cd $ROCM_DIR/ROCT-Thunk-Interface/build make make install make install-dev
ROCR-Runtime wraps the relatively minimal ROCT-Thunk-Interface library to provide more complex functionality, such as userspace memory management. This can only be compiled after you have completed the previous instructions for setting up ROCT-Thunk-Interface.
First, clone the repository if you haven't already:
cd $ROCM_DIR git clone https://github.com/RadeonOpenCompute/ROCR-Runtime.git
Once again, use cmake to build in a separate
build directory. We'll need to
specify both where to install the runtime, and where we already installed the
thunk interface (they're the same place, assuming you're following along):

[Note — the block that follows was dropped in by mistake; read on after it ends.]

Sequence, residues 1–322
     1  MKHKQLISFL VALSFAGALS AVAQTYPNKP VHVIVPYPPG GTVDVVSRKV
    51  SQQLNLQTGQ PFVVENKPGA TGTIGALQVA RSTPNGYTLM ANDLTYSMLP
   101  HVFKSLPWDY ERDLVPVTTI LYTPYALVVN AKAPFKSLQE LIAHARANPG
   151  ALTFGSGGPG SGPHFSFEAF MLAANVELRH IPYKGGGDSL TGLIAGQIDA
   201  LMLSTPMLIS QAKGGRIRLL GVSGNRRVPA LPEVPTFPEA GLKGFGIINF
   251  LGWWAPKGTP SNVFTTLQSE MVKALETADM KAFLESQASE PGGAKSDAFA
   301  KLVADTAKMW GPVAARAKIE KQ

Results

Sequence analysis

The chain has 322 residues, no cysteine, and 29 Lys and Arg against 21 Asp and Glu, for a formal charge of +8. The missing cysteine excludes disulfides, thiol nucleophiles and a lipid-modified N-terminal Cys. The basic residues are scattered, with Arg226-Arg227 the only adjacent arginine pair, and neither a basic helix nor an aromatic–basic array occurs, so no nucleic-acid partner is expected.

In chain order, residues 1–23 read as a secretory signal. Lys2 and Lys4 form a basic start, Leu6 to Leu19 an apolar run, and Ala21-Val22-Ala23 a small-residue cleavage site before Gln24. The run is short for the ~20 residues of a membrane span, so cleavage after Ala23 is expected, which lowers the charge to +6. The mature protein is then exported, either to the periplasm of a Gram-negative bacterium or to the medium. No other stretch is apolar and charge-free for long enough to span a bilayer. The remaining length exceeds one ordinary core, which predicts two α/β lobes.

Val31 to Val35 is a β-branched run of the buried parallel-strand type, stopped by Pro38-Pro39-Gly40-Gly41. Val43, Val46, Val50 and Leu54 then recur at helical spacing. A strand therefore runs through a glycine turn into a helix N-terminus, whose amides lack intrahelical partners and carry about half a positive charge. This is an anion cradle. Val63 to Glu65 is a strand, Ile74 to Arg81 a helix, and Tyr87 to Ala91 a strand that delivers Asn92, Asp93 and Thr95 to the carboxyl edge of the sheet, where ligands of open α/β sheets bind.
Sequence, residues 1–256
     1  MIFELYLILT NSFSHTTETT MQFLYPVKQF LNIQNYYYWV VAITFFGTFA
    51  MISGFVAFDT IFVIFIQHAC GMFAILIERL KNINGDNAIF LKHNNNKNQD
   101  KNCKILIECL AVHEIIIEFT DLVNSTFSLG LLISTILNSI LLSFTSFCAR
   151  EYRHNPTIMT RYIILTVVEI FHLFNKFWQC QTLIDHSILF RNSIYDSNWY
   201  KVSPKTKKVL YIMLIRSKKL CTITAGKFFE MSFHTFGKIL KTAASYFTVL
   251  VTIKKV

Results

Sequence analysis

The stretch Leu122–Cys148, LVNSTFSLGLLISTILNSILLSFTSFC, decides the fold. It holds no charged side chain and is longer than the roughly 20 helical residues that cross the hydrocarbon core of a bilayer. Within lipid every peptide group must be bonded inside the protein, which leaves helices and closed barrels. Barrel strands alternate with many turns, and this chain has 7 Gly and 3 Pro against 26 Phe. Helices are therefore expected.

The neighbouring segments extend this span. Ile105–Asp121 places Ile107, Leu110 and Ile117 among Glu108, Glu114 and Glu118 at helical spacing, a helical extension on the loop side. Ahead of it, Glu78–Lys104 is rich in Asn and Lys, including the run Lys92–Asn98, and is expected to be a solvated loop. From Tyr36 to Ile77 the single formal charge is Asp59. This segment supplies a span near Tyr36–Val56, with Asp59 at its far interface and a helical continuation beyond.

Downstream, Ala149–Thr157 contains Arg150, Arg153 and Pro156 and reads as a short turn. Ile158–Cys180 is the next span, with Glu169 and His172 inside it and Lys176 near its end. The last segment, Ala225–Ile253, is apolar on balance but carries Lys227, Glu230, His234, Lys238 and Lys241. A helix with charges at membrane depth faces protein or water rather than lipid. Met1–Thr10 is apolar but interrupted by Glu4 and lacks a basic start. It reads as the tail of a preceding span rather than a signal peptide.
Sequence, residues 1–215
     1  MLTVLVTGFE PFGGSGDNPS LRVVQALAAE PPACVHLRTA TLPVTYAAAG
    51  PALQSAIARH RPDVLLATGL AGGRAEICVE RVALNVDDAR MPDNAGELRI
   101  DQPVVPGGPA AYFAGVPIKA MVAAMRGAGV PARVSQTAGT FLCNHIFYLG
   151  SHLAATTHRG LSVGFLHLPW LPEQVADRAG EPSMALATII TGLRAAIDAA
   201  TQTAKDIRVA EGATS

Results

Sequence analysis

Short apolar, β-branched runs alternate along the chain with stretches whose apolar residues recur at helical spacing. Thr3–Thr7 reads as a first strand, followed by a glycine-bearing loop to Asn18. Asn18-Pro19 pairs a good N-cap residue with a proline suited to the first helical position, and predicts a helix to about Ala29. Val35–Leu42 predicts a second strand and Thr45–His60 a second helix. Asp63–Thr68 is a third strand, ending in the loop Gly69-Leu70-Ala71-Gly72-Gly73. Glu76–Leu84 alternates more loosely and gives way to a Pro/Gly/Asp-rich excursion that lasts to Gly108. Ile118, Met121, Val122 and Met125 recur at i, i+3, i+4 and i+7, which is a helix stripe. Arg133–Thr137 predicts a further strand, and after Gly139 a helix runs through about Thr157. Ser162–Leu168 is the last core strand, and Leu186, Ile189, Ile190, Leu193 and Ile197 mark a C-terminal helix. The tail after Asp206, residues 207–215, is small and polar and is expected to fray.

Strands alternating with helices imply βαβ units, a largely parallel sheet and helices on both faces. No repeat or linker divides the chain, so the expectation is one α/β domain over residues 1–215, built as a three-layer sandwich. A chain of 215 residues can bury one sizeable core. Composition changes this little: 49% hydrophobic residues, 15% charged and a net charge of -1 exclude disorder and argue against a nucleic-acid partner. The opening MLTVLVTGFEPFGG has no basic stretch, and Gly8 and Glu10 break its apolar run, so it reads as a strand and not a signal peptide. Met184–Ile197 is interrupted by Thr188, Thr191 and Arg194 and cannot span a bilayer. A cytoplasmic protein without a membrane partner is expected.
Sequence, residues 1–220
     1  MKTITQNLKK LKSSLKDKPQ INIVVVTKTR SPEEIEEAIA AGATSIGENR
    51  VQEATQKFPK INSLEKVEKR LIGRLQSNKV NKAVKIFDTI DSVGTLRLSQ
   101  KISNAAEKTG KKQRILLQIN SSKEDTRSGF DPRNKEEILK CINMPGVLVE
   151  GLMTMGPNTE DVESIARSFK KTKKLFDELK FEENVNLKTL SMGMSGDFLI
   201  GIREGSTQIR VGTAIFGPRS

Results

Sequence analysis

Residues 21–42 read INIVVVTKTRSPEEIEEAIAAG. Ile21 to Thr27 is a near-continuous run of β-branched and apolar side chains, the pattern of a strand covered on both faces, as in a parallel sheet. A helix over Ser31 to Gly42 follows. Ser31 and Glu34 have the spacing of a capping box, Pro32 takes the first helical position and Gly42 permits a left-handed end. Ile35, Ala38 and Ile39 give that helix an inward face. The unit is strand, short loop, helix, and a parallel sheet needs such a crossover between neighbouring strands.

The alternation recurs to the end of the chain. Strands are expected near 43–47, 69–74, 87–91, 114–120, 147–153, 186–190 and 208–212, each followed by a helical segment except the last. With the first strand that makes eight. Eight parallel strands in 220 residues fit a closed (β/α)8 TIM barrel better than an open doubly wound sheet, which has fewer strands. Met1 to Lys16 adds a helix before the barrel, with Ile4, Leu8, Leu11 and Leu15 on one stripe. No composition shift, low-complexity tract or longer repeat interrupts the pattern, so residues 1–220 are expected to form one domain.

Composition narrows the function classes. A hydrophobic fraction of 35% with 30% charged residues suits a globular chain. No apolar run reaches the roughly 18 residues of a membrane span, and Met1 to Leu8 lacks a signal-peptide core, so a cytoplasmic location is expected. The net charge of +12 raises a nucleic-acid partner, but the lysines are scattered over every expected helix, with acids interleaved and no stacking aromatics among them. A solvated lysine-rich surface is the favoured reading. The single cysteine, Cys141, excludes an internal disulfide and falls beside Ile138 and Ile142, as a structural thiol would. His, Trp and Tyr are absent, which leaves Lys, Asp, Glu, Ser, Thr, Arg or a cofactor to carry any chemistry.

cd $ROCM_DIR/ROCR-Runtime/src mkdir build cd build cmake -D CMAKE_PREFIX_PATH=$ROCM_INSTALL_DIR \ -D CMAKE_INSTALL_PREFIX=$ROCM_INSTALL_DIR \ .. make
Finally, install the library to our target directory.
Later, if you modify ROCR-Runtime code, re-run the following commands to recompile and reinstall it:
cd $ROCM_DIR/ROCR-Runtime/src/build make make install
Installing the HCC Compiler
This step installs the HCC compiler and other tools such as OpenCL. It requires that you have already set up ROCR-Runtime.
First, clone the repository if you haven't already. Note that this repository is larger than the others due to it also requiring several submodules including LLVM and clang.
cd $ROCM_DIR git clone --recursive -b clang_tot_upgrade https://github.com/RadeonOpenCompute/hcc.git
As before, build in a separate directory. Also specifiy where to install the binaries:
cd $ROCM_DIR/hcc mkdir build cd build cmake -D CMAKE_INSTALL_PREFIX=$ROCM_INSTALL_DIR \ -D CMAKE_PREFIX_PATH=$ROCM_INSTALL_DIR \ -D CMAKE_BUILD_TYPE=Release \ .. make -j8